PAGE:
In a development that could cause the NFL and other sports leagues to expand the factors to be considered when potentially moving major events for political reasons, a group called the “Job Creators Network” has sued Major League Baseball and its union for relocating the July All-Star Game.
Baseball stripped the game from Georgia following the passage of a controversial voting-rights law.
The lawsuit, filed in New York City, seeks $100 million in compensatory damages and $1 billion in punitive damages. The Job Creators Network, which describes itself as a “nonpartisan organization whose mission is to educate employers and employees of Main Street America, in order to protect the 85 million people who depend on the success of small businesses,” claims that it “had to divert resources to address the grave harm to its Atlanta-area members” and “personnel from its fundraising efforts resulting in lower receipts.”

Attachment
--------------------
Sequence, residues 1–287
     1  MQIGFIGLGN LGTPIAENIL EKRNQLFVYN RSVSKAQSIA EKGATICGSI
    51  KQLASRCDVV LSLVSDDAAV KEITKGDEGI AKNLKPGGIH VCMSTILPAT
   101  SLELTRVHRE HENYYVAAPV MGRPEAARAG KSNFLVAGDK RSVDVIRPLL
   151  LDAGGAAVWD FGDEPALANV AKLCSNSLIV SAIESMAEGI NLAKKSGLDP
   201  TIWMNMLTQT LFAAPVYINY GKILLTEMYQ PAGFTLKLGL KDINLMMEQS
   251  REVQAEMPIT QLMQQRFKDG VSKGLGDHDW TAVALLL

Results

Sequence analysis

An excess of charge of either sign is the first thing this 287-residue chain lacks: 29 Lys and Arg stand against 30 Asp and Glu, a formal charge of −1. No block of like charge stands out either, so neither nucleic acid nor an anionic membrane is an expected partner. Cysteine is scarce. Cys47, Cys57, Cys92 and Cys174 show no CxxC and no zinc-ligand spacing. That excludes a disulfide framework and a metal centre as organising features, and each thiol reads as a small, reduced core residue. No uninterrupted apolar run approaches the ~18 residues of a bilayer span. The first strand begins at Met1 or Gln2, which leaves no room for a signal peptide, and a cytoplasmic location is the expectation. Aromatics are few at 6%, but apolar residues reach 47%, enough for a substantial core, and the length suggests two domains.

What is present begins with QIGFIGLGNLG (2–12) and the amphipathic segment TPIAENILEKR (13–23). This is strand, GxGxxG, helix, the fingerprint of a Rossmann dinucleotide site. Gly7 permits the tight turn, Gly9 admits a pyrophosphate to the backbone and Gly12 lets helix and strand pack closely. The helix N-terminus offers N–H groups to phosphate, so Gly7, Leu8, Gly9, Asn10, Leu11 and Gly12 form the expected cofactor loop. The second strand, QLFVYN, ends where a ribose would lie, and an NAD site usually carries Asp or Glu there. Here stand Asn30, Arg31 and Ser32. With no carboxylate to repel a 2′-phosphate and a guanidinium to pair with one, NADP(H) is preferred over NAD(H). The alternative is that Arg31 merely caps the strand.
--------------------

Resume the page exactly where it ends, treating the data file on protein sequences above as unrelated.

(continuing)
It could be a challenge for the Job Creators Network to prove that it has legal standing to sue, that the MLB and/or its union had some legal duty specifically to the Job Creators Network, that the duty was violated in some way, and that actual financial damages were suffered. Without those things, the lawsuit won’t last very long in court.
Without those things, the lawsuit may be nothing more than a publicity stunt, aimed at creating a headline around which those who have criticized baseball for its decision can rally, since the mere existence of a lawsuit could be interpreted by some as an indication that the lawsuit has merit.
Even if it doesn’t.